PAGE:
Tag Archives: harddrive

The best tool to clone hard drives, is free!

Filed under Linux
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While not a security related post…I thought I would let everyone know about a really good open source hard drive cloning software that I recently discovered when I needed to clone and image multiple Linux systems. It’s called Clonezilla and works just like Symantec Ghost but faster and free.

From the Clonezilla web site:

“Clonezilla, based on DRBL, Partition Image, ntfsclone, and udpcast, allows you to do bare metal backup and recovery. Two types of Clonezilla are available, Clonezilla live and Clonezilla server edition. Clonezilla live is suitable for single machine backup and restore. While Clonezilla server edition is for massive deployment, it can clone many (40 plus!) computers simultaneously. Clonezilla saves and restores only used blocks in the harddisk. This increases the clone efficiency. At the NCHC’s Classroom C, Clonezilla server edition was used to clone 41 computers simultaneously. It took only about 10 minutes to clone a 5.6 GBytes system image to all 41 computers via multicasting!”

Yeah, it’s fast alright! I have been using the Clonezilla Live to image hard drives and it has been working great. You can also run it off of a USB thumb drive if you are so inclined. So, don’t fork over $$ to that evil empire called “Symantec”…give Clonezilla a try if you want to clone a drive or multiple drives. 🙂

Bad hard drive? Don’t let Apple take your data!

Filed under Apple
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A very sad mac for security reasons

So the hard drive on my wife’s one year old MacBook has officially started to kick the bucket. Random crashes, slow performance and lots of errors like this in the system log:

disk0s2: 0xe0030005 (UNDEFINED).

Yup, we have bad blocks..all indicating imminent drive “FAIL”. I have AppleCare on the MacBook so I call them up and explained the situation. Surprisingly, they didn’t give me a hard time. In the past I have had problems with other computer manufacturers (ummm…Dell) in which I would have to argue with the guy/gal on the other end of the phone that the drive was “really bad” and I didn’t need to spend hours on the phone with them troubleshooting. So far so good with Apple right?

So I am finishing up the call and the tech is explaining how Apple will ship me a box to send the MacBook back to them for repair. Apparently, they don’t do self service hard drive swaps anymore. Weird since it’s easy to replace a hard drive on a MacBook. Anyway, the rest of the conversation went something like this…

Apple guy: “Sir, do you have a password set on your MacBook”?
Me: “Yes. Why do you need that?”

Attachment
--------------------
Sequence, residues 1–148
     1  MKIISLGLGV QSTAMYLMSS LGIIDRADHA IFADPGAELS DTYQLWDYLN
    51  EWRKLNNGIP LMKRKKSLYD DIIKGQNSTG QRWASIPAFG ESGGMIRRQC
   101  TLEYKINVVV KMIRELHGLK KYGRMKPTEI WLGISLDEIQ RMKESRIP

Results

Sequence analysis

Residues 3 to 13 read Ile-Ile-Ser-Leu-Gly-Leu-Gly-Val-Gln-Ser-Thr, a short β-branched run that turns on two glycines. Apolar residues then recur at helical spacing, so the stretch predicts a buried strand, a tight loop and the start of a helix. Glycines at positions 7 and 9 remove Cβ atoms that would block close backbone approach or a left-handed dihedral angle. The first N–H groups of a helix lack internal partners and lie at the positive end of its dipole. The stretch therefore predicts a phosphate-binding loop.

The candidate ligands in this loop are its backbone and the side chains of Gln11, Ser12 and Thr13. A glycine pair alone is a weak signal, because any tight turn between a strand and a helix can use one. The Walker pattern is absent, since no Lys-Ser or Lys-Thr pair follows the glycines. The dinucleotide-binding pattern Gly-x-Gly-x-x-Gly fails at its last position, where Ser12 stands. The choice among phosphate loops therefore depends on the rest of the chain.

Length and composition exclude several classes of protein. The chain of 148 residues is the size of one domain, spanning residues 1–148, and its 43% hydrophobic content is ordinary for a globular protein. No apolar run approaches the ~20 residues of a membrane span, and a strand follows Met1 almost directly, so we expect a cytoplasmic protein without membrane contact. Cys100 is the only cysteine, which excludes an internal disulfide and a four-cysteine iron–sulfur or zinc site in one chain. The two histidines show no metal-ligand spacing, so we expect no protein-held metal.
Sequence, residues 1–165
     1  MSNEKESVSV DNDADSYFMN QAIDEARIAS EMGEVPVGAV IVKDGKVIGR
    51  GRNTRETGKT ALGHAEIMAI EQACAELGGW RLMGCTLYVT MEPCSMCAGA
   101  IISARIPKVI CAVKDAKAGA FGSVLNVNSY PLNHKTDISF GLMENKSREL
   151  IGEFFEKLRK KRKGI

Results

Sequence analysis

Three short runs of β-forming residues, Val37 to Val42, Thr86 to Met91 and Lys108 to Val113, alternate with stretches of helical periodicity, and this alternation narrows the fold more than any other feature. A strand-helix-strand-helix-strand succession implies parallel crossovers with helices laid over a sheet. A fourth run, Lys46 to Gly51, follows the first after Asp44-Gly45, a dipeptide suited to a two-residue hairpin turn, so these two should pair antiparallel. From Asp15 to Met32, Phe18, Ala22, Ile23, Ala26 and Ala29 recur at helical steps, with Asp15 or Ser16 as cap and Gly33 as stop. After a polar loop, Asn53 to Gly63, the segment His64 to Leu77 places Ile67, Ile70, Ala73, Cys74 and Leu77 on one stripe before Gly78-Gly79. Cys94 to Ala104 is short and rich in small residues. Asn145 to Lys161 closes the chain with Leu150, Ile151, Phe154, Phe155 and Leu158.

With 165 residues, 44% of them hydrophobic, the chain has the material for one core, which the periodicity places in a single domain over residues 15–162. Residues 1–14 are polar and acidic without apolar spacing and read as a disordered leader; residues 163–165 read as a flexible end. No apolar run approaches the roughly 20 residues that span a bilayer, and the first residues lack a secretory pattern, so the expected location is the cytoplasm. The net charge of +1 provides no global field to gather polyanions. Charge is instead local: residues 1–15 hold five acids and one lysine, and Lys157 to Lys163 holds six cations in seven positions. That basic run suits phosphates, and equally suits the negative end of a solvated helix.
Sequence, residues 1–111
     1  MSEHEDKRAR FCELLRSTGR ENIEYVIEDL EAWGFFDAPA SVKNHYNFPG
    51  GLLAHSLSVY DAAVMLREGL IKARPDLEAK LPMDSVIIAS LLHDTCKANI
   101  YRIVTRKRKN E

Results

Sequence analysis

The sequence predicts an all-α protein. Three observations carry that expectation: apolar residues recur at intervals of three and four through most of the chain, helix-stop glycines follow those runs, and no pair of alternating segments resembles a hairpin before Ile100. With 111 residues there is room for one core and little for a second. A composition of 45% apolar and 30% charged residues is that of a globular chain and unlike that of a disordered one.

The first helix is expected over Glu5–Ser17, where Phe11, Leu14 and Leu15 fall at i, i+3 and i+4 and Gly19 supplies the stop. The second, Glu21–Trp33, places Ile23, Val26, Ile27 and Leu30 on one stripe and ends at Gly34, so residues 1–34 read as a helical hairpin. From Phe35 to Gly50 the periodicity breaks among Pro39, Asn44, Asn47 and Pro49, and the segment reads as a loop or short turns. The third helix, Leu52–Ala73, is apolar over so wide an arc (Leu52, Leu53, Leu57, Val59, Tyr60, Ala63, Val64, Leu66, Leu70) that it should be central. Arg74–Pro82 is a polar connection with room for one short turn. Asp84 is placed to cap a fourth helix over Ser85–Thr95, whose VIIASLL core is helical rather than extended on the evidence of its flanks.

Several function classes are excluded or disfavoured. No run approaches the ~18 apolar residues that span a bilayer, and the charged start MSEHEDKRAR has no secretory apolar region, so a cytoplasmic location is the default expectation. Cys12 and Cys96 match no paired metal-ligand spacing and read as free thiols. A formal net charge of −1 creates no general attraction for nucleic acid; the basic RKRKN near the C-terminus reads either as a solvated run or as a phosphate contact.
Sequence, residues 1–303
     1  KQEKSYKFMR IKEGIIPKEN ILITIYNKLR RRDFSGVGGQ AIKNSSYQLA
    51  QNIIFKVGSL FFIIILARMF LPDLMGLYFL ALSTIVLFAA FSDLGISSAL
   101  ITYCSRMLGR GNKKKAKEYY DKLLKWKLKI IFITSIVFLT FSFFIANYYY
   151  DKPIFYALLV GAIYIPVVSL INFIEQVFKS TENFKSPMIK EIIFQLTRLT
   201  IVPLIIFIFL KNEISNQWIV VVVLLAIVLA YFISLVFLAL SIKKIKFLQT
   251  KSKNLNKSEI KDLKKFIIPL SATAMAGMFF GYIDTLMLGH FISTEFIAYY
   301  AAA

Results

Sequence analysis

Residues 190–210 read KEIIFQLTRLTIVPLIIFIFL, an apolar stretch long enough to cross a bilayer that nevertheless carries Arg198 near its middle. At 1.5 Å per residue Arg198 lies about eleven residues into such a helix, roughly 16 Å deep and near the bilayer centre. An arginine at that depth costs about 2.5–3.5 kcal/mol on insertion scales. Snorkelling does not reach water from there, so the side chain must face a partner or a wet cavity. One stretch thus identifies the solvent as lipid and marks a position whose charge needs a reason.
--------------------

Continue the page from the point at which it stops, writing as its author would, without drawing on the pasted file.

Apple guy: “The tech’s need it to replace your hard drive”
Me: “Huh? Why do you need my password to replace a bad hard drive? Just pull the old drive out and put the new one in.”
Apple guy: “Sorry sir. That’s the procedure.”
Me: “What if I don’t give you the password?”
Apple guy: “Then we can’t repair your laptop”
Me: “grrrr…fine…here is my password..ready? a-p-p-l-e-s-e-c-u-r-i-t-y-F-A-I-L”
Apple guy: “Thank you sir. You will have your shipment box in 24 hours.”

So for every bad hard drive that comes into the Apple repair center they log in to verify that the drive is bad? What do they do with all the drives like mine that are still functional but have bad blocks? Can Apple guarantee that there are no shady people working in the repair center wanting to steal my personal information? What happens to the data? The sad mac fact (note the “sad mac” picture above) is that no one knows!

I did some research on this and apparently Apple doesn’t care too much about your personal data. Dave Winer wrote about this extensively and notes the same problem. The Apple repair “terms and conditions” only states that your information is protected in accordance with the “Apple Customer Privacy Policy” and that you agree that Apple can use your data to perform the “service obligations”. Interesting to also note that on the Apple privacy web site under the AppleCare Repair Agreement it also states the following:

“You agree and understand that it is necessary for Apple to collect, process and use your data in order to perform the service and support obligations under the Plan. This may include the necessity to transfer your data to affiliated companies or service providers located in Europe, India, Japan, Canada, People’s Republic of China or the U.S.

Huh? People’s Republic of China? That’s nice. I couldn’t find any reference noting what Apple does with your personal “hard drive” data. They only mention your name, address, things you purchased, etc…

So what am I going to do about this? I’m going to completely wipe the drive (Darik’s Boot And Nuke is my favorite disk destruction utility) before sending it back to Apple just to see what happens. I have my doubts that they will actually log in to the MacBook to see if the drive is bad. Let’s see if I get the drive replaced or not…I’m betting it will be replaced, no problem.

Sure, Apple is not the only company doing this with hard drives. This is a problem that needs to be addressed by all computer vendors. What they do with your data should at least be disclosed in their repair and/or privacy policy (at a minimum). In the meantime, encrypt your sensitive data (TrueCrypt works well) and securely remove any data you don’t want people servicing your computer to see. I’ll keep you updated on the repair status… 🙂